More than 100 people gathered under a large tent on Monday afternoon outside Police Department headquarters on the occasion of the 50th anniversary of the Shelter Island Police Department.
It was ceremony Island-style, with Sara Mundy’s flawless performance of the National Anthem, and a blessing from Father Peter DeSanctis, who prayed to “help me to understand my neighbors and strangers, their background motives and shortcomings, even as you Lord, understand mine.”
Also on the program was a beautiful recognition of men and women who serve, and a second, even more powerful Ms. Mundy performance, of “America the Beautiful” and a bagpipe recessional.
At the heart of the ceremony was the roll call, a recognition of every member of the Department, past and present, introduced in order of when they were hired, serving as a kind of history of the department.
Chief Jim Read honored family members of officers who have passed away, including Shirley Ferrer, wife of George Ferrer, the Shelter Island Police Department’s first official chief in the post-constabulary era, and a 25-year veteran of the force, who died of a heart attack while on duty at his desk.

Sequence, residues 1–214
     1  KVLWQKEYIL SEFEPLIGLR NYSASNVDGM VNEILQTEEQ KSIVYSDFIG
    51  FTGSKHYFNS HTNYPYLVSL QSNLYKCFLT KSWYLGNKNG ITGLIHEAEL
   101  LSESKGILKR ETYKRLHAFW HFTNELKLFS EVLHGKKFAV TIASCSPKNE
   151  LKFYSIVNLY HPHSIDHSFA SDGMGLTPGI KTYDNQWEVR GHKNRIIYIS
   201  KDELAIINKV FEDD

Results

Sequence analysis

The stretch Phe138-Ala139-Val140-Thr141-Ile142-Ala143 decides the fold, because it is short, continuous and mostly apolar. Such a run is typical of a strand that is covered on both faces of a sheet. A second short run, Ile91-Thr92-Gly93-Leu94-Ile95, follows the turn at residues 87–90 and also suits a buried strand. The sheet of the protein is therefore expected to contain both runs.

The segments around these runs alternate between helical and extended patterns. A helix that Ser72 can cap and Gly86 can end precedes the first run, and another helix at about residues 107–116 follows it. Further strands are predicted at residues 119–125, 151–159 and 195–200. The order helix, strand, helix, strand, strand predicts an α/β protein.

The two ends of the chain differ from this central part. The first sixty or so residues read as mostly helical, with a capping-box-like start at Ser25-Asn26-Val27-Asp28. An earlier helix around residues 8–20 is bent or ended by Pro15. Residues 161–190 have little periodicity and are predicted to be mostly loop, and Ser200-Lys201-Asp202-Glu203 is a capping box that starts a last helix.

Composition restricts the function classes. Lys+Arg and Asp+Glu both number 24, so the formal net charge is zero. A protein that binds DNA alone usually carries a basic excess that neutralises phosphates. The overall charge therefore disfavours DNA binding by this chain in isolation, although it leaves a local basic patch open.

A video montage of dozens of photographs, newspaper clippings and identification cards created by Sgt. Terrance LeGrady, who also organized the event, was shown during the ceremony. The video, in unforgettable images, told the rich history of the department and its centrality to the community.
After the ceremony, retired Sgt. Richard Jernick, one of the Shelter Island Police Department’s founding officers, walked with his wife to the celebratory supper in the Firehouse across the street, and as usual he had a story.
“I found out that Peter [Bay Constable Peter Vielbig] carries the handcuffs I used until I retired — the same handcuffs,” he said.
Constable Vielbig knew because Mr. Jernick’s initials — scratched into the surface by Mr. Jernick himself — are still visible 28 years later.
Photos by Charity Robey.